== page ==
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Discussion Starter #1 (Edited)
Service Stabilitrak and Service Brake Assist error messages.
DTC C1226 and C0040, indicating RF wheel sensor problem.

Idiot me, tired from working 12 hour shifts, took it to the dealer and paid $150 diagnostic fee to find out what I could have gotten from Autozone for free.

Dealer claims they removed the RF wheel and inspected everything for damage and found nothing, so they quoted me $500 to replace it. Hmmm that's funny because I have aftermarket lug nuts and the key was still under everything in my center console. And then when I removed the wheel myself I instantly noticed that the bolt holding the WSS cable was halfway out. So either they took off the bolt and didn't put it back on all the way, or it was loose the whole time.
I put it back in all the way, cleared the codes, and they instantly came back. So sadly it wasn't that easy of a fix.

My next plan is to switch the left and right side cables and see if the codes change to the left side(once I get the OBDII tool I ordered)

But also I was thinking maybe it was loose and brake dust or something got inside the hole, could this mess it up? Should I just spray it out with compressed air?

I also saw some videos on youtube about testing the sensor with a multimeter so I will try that next.

Any other free/cheap ideas to test before I look into replacing the hub? (still a lot cheaper than $500 so I don't know wtf they're talking about)
 

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Service Stabilitrak and Service Brake Assist error messages.
DTC C1226 and C0040, indicating RF wheel sensor problem.

Idiot me, tired from working 12 hour shifts, took it to the dealer and paid $150 diagnostic fee to find out what I could have gotten from Autozone for free.

Dealer claims they removed the RF wheel and inspected everything for damage and found nothing, so they quoted me $500 to replace it. Hmmm that's funny because I have aftermarket lug nuts and the key was still under everything in my center console. And then when I removed the wheel myself I instantly noticed that the bolt holding the WSS cable was halfway out. So either they took off the bolt and didn't put it back on all the way, or it was loose the whole time.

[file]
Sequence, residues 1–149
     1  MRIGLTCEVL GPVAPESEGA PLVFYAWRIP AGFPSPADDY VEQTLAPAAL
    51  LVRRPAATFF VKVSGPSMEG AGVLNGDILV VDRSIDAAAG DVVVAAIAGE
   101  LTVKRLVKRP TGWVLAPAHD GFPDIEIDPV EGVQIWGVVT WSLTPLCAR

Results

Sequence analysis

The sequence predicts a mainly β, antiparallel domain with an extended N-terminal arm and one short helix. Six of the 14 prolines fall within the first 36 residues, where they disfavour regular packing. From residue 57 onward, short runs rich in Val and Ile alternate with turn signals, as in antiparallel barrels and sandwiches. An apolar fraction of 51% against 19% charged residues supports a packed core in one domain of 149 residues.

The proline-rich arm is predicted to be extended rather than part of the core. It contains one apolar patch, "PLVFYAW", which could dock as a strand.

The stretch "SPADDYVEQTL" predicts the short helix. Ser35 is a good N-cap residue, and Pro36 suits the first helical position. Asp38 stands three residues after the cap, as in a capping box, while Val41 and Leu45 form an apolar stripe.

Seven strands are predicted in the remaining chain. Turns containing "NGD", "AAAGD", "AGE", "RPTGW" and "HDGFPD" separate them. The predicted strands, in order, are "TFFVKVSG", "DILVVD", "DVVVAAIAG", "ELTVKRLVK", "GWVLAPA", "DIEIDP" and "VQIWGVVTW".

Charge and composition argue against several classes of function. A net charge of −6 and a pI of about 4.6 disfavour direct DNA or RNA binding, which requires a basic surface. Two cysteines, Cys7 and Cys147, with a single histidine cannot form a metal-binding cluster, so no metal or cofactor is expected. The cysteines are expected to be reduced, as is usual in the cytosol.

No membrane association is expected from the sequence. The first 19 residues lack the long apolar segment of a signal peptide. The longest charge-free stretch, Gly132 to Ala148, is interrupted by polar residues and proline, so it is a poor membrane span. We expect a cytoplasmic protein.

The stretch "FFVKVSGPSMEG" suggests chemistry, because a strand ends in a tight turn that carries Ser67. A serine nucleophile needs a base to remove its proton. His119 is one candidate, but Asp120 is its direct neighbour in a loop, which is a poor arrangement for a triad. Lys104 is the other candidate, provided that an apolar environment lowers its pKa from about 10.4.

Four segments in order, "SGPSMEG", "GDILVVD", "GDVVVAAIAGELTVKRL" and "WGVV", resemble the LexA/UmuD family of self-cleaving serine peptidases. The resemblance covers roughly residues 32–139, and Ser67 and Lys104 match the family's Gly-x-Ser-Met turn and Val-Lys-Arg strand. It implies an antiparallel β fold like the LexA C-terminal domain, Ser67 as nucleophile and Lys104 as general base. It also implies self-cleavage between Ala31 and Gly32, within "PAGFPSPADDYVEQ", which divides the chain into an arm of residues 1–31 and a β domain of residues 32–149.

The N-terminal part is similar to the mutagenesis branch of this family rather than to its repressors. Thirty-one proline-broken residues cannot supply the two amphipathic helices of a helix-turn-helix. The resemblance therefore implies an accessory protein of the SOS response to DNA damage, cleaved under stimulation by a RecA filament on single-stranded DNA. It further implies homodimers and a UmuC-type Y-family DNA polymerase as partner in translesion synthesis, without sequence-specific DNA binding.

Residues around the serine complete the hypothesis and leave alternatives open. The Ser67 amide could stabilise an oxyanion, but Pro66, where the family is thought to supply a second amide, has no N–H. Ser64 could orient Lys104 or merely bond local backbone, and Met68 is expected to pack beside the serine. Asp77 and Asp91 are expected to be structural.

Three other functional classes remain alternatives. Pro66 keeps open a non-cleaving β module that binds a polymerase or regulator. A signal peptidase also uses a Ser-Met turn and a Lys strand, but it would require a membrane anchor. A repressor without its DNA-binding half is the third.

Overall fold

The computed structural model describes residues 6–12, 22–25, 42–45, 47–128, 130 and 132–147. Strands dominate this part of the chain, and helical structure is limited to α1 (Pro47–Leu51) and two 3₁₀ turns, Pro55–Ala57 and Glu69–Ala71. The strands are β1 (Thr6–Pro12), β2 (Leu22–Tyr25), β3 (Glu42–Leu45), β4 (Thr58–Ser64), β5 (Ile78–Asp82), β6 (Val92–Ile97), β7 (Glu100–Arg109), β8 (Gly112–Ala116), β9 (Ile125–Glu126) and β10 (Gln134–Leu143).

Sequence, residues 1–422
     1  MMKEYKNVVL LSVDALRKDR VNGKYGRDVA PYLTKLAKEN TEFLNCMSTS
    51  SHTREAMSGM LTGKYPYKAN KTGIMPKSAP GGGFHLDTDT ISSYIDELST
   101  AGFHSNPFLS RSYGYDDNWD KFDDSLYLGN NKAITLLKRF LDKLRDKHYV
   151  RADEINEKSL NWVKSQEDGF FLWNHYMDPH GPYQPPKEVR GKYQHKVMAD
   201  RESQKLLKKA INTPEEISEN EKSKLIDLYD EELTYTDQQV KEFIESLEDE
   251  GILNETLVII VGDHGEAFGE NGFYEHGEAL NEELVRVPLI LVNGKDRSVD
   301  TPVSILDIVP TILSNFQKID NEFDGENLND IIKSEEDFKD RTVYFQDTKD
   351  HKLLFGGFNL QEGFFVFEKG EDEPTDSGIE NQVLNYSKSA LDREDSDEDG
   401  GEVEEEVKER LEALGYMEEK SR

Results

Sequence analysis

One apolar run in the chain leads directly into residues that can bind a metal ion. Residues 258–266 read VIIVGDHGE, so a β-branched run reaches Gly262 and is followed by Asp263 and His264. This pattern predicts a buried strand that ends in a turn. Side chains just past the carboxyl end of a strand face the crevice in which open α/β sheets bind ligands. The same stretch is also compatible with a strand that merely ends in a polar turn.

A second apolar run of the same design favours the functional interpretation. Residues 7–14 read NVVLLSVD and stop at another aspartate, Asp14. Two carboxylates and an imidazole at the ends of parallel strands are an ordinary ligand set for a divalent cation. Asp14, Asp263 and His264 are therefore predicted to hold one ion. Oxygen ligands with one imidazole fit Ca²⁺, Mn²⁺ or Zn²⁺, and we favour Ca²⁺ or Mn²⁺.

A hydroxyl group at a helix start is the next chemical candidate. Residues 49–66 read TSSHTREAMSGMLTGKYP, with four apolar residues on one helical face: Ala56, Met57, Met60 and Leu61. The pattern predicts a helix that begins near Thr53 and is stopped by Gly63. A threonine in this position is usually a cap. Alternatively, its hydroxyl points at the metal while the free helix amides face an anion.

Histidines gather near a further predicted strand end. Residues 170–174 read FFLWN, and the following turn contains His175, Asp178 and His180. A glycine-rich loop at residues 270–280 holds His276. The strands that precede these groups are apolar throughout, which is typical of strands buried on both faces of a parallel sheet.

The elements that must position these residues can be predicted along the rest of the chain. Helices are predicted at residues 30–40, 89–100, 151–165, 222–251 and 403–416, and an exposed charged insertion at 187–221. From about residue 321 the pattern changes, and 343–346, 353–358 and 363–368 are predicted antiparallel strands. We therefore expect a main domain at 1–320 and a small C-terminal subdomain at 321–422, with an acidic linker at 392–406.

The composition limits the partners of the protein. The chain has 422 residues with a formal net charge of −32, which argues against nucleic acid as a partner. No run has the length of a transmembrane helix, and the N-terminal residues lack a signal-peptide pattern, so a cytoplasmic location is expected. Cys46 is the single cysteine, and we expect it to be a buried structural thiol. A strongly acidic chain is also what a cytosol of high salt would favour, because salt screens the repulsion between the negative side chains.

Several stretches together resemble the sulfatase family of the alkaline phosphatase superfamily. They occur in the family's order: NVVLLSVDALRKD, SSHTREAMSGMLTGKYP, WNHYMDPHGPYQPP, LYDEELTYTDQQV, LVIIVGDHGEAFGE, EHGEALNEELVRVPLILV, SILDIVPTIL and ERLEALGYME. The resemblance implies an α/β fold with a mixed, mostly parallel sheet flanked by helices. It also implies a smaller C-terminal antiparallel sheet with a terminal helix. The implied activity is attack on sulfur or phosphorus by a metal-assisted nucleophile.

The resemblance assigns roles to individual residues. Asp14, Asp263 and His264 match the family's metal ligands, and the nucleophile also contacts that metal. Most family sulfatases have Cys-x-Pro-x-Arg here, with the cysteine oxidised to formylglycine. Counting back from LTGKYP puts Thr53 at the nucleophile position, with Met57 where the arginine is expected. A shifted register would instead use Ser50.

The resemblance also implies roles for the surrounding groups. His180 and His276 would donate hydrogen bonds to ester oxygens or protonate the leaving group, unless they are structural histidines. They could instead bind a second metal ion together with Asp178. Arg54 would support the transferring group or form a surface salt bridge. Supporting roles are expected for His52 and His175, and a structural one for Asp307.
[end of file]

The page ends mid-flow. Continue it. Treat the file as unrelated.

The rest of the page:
I put it back in all the way, cleared the codes, and they instantly came back. So sadly it wasn't that easy of a fix.

My next plan is to switch the left and right side cables and see if the codes change to the left side(once I get the OBDII tool I ordered)

But also I was thinking maybe it was loose and brake dust or something got inside the hole, could this mess it up? Should I just spray it out with compressed air?

I also saw some videos on youtube about testing the sensor with a multimeter so I will try that next.

Any other free/cheap ideas to test before I look into replacing the hub? (still a lot cheaper than $500 so I don't know wtf they're talking about)
Rock auto has one for less than $50 . $500 is a pretty good profit for less than an hour's work.
 

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I’ve had good luck bringing them back to life on BMWs just by removing them and cleaning the crud out of the hole in the hub. You’ll also want to rotate the hub so that you clean any crud out between the “humps” that I assume trigger a pulse in the sensor.

Get some spray contact cleaner and clean the contacts in the sensor connector also.
 

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I've had wheel speed sensors go bad on a VW Corrado, and the symptom was the resistance was high - essentially an open. Since these are basically coils of wire around a core, the resistance is typically pretty low.